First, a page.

Wednesday, September 30, 2020

Their Strange Eyes

AEF soldier of the 319th 

In October of 1918, the First World War was entering its fifth year and the influenza pandemic was killing millions. The October issue of Poetry magazine, edited by Harriet Monroe, published numerous war poems and a tribute to dead soldier poets (Lola Ridge’s “The Song,” shared earlier on this blog, also appeared in the October 1918 issue.)

One poem, with the haunting title “Their Strange Eyes Hold No Vision,” wrote of the toll that the war was taking not only on bodies, but on minds.

Their Strange Eyes Hold No Vision

Their strange eyes hold no vision, as a rule;
No dizzy glory. A still look is theirs,
But rather as one subtly vacant stares,
Watching the circling magic of a pool.
Blown Up by William Orpen
© IWM ART 2376

Now when the morning firing becomes tame,
Out in the warming sun he tries to guess
Which battery they’re after. “Let me see;
Which battery is there? which battery?
I wonder which…..” Again, again, the same
Returning question, idle, meaningless.
Startled, he sighs—or laughs—or softly swears;
Mutteringly something of dear names declares
In the bitter cruelty of tenderness.

The planes drift low, circling monotonously,
Droning like many a drowsy bumble-bee
Some summer morning. Only now and then
A whining shell, the mere formality
Of stupid war, calls back his thoughts again.

Suddenly near the unseen death swoops low,
Laughing and singing; and full pitifully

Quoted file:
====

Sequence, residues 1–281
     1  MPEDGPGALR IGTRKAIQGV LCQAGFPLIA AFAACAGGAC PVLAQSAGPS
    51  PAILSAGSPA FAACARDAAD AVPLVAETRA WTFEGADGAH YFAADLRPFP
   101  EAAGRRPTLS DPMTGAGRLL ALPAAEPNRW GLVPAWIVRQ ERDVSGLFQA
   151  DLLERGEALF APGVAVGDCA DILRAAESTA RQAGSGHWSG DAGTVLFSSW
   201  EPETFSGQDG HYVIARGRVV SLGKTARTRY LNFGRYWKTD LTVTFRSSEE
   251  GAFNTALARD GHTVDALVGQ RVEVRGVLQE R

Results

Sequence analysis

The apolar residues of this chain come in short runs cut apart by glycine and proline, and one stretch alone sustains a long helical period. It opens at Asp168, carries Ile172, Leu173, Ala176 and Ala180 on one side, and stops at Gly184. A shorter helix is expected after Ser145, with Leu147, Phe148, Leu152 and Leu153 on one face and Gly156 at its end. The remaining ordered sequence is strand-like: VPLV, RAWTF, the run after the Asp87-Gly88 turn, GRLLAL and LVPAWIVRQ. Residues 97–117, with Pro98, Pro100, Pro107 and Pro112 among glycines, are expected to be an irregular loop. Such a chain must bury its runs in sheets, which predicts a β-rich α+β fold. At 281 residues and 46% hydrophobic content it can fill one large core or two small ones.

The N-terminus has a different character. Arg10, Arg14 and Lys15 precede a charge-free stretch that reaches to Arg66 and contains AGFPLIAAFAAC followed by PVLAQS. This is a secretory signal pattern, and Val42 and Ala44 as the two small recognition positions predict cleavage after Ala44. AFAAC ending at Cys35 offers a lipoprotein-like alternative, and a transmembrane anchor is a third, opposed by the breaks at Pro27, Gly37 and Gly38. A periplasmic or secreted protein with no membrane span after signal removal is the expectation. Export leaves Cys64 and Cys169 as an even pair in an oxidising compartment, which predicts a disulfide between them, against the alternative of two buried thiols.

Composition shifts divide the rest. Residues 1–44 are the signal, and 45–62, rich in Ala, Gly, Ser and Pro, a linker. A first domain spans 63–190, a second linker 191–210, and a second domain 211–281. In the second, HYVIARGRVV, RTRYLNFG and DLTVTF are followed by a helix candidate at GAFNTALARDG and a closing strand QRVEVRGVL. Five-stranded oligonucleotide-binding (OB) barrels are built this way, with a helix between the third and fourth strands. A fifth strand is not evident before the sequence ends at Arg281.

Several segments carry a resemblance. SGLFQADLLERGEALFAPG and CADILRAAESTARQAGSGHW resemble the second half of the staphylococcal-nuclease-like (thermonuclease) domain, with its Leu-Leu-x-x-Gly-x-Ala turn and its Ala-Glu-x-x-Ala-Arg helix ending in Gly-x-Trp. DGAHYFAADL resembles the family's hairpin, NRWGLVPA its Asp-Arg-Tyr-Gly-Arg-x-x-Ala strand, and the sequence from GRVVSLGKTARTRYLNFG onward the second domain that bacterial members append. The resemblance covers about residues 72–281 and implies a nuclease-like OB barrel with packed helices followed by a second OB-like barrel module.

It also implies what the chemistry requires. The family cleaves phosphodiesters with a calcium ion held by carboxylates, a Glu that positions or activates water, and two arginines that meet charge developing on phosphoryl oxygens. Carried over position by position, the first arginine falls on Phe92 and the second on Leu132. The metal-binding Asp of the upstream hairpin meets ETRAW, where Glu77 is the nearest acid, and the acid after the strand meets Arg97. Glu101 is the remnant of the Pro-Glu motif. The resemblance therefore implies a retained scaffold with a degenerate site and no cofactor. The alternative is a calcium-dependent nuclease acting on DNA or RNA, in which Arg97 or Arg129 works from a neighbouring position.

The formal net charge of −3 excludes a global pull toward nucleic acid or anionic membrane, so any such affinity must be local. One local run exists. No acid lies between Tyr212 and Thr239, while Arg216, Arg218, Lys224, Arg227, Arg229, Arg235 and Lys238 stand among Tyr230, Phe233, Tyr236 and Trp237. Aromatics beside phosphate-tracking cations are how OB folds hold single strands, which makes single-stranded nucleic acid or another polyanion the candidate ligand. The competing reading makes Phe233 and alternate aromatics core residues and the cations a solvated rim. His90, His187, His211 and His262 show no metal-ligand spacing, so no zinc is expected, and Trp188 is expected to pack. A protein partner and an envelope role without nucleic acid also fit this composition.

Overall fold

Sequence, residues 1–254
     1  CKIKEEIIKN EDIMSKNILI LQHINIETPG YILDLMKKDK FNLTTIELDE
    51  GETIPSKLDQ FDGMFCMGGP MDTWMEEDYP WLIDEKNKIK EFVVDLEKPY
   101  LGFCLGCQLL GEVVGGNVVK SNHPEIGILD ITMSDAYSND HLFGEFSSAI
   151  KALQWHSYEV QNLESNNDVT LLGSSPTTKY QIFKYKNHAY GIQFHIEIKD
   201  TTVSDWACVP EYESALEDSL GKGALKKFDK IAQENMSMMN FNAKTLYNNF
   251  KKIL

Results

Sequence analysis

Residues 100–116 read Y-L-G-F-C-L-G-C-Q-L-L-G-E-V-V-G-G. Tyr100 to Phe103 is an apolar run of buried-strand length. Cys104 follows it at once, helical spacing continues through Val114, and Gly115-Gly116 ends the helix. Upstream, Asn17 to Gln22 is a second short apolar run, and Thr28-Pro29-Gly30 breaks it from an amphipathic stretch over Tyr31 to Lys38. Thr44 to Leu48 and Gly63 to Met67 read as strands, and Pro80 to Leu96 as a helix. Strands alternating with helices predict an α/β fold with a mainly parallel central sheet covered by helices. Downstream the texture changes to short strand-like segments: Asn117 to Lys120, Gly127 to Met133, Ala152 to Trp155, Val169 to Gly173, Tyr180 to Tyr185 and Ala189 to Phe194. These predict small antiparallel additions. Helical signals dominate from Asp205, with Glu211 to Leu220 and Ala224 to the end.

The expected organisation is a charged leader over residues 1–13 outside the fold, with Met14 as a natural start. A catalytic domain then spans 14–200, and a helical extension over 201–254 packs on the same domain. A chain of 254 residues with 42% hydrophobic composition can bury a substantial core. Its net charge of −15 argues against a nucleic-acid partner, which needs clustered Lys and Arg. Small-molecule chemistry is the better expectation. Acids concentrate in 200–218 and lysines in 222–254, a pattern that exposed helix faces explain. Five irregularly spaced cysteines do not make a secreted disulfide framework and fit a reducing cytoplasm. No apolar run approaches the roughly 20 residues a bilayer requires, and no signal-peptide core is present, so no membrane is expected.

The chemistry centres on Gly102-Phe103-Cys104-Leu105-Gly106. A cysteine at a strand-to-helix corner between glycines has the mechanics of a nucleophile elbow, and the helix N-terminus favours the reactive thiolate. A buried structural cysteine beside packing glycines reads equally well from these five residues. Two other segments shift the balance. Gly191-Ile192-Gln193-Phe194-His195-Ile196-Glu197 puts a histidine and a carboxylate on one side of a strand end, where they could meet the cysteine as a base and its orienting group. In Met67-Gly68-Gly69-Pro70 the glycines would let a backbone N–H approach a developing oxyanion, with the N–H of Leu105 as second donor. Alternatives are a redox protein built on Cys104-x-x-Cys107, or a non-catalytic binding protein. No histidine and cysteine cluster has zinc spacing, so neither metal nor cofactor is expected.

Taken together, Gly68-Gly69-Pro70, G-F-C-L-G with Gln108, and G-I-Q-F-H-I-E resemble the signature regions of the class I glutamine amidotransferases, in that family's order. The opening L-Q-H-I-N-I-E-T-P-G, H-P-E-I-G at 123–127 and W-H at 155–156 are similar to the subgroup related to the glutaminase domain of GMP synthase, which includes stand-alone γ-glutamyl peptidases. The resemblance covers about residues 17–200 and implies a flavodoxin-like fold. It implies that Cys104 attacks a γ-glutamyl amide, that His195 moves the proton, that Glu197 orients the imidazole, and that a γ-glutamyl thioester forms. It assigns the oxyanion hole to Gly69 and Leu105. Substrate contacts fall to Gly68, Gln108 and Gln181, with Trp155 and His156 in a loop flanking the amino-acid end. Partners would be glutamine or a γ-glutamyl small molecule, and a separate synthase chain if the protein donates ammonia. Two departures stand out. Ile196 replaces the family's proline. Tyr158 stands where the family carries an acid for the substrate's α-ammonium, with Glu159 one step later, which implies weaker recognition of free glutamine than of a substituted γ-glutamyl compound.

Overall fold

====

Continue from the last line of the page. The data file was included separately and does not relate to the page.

The startled eyes stare wide, but do not see
The whirling features of the genie foe,
Safe in his summoned cloud. The quiet skies
Tell not his surest comings. With waved wands
A mist springs from the earth, and swaying stands
A veiling moment ….. sinks …..
And there he lies
Face down, clutching the clay with warm dead hands.
            —Howard Buck

Howard Buck, a volunteer with the Norton-Harjes ambulance corps in France, describes the detachment of a desensitized and confused soldier. The man’s attempts to determine the enemy’s firing range are framed as meaningless, dreamy questions, far out of the soldier’s control. He can only stare vacantly at the “stupid war,” hypnotized by the drone of unseen circling planes that appear as “genie foe,” unaware that he will soon lie dead, “clutching the clay with warm dead hands.”
Howard Buck

Howard Buck was an eyewitness to the ghastly effects of war. He was awarded the French Croix de Guerre for his actions on 7 September 1917, when he and fellow ambulancier Donald Jordan rushed to where “a shell had claimed many victims” and “resolutely came to the aid of the wounded who were brought back to the aid station under the continuing violent bombardment.”* In his poem “September 7,” Buck writes,

We lifted them, the broken, moaning men,
And those that never spoke,
And staggered back that glaring way again.

A bleeding brother ever, ever nigh,
Days, days and nights. The curious gold ring;
His hand’s strange warmth: until the day I die
I know I shall remember everything.

Howard Buck returned to his literature studies at Yale in 1918. His war poems were awarded the Albert Stanburrough Cook Prize and were published as the first volume in the Yale Series of Younger Poets (1919), titled The Tempering.
*Frederick Sumner Mead, ed., Harvard’s Military Record in the World War, Harvard Alumni Association, 1921, p. 520.